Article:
Premier Wen meets Carter, Kissinger
Updated: 2009-01-13 21:59

Former US president Jimmy Carter (L) speaks with Chinese Premier Wen Jiabao (R) at Zhongnanhai in Beijing January 13, 2009. Carter is in China to celebrate the 30th anniversary of the establishment of US-China diplomatic relations, which began on January 1, 1979. [Agencies] 

Chinese Premier Wen Jiabao on Tuesday met with a high-profile U.S. delegation on the sidelines of celebrations marking the 30th anniversary of diplomatic ties.

"The establishment of China-U.S. relations 30 years ago ushered in a new era. The leaders and people of the two nations who made important contributions to this milestone will go down in history, " Wen told former U.S. President Jimmy Carter, who led the delegation.

Carter said it was a great honor and pleasure to represent one of the administrations that worked to establish the diplomatic relations and come to Beijing for anniversary celebrations.

Thanks to the "ping-pong diplomacy" that melted the ice between the nations, then U.S. President Richard Nixon paid a groundbreaking visit to China in 1972.

The two countries formally established diplomatic relations on January 1, 1979 when Carter was president of the United States.

"I visited China as a young man when I was in the navy. I always think my life, my destiny are very close to China," Carter said.

He said even before he was inaugurated as president, he discussed with Zbigniew Brzezinski that normalizing relations with China was his "top priority."

The U.S. delegation to the Beijing celebrations included key figures in forging relations such as former U.S. Secretary of State Henry Kissinger, National Security Advisors Brent Scowcroft and Zbigniew Brzezinski and former U.S. ambassadors.

In an hour-long meeting with the delegation, Wen said China-U.S. relations had produced fruitful results over the past three decades.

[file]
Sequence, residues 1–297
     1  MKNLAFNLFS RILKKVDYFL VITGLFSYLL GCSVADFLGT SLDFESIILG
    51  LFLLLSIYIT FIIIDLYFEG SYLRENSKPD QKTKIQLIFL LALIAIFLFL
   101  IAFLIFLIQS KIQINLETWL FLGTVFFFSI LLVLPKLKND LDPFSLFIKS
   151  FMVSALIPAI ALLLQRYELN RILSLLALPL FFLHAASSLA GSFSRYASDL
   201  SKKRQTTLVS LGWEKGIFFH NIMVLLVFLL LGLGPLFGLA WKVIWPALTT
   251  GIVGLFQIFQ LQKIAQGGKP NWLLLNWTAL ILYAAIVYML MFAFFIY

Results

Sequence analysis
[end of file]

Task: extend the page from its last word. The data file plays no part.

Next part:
"The most important is that we agreed on the general direction of building constructive cooperation," Wen said.

Wen said the two nations established a series of effective dialogues and mechanisms, developed cooperation in politics, economy, culture and other fields, which cemented the basis of public opinions and interests to develop the bilateral ties and step up the confidence and courage to conquer the difficulties.

"These are our shared treasures and the source of strength for further cooperation," Wen said.

Wen said the current international political and economic situations were complicated and volatile.

"China-U.S. relations stay at a crucial time connecting the past and the future, facing tremendous opportunities and challenges," Wen said.

Wen proposed the two nations take a strategic and long-term perspective, and not waver in developing a constructive partnership.

"Particularly in responding to the international financial difficulties, the two nations should step up mutual trust and cooperation, jointly tackle difficulties, take the relations to a new high and make new contributions for the world's harmonious and sustainable development."

In response, Carter proposed the two countries understand and respect each other, step up dialogues to deal with global challenges, enhance the constructive cooperation.

He also pledged to continuously commit himself to promoting U.S.-China cooperation.

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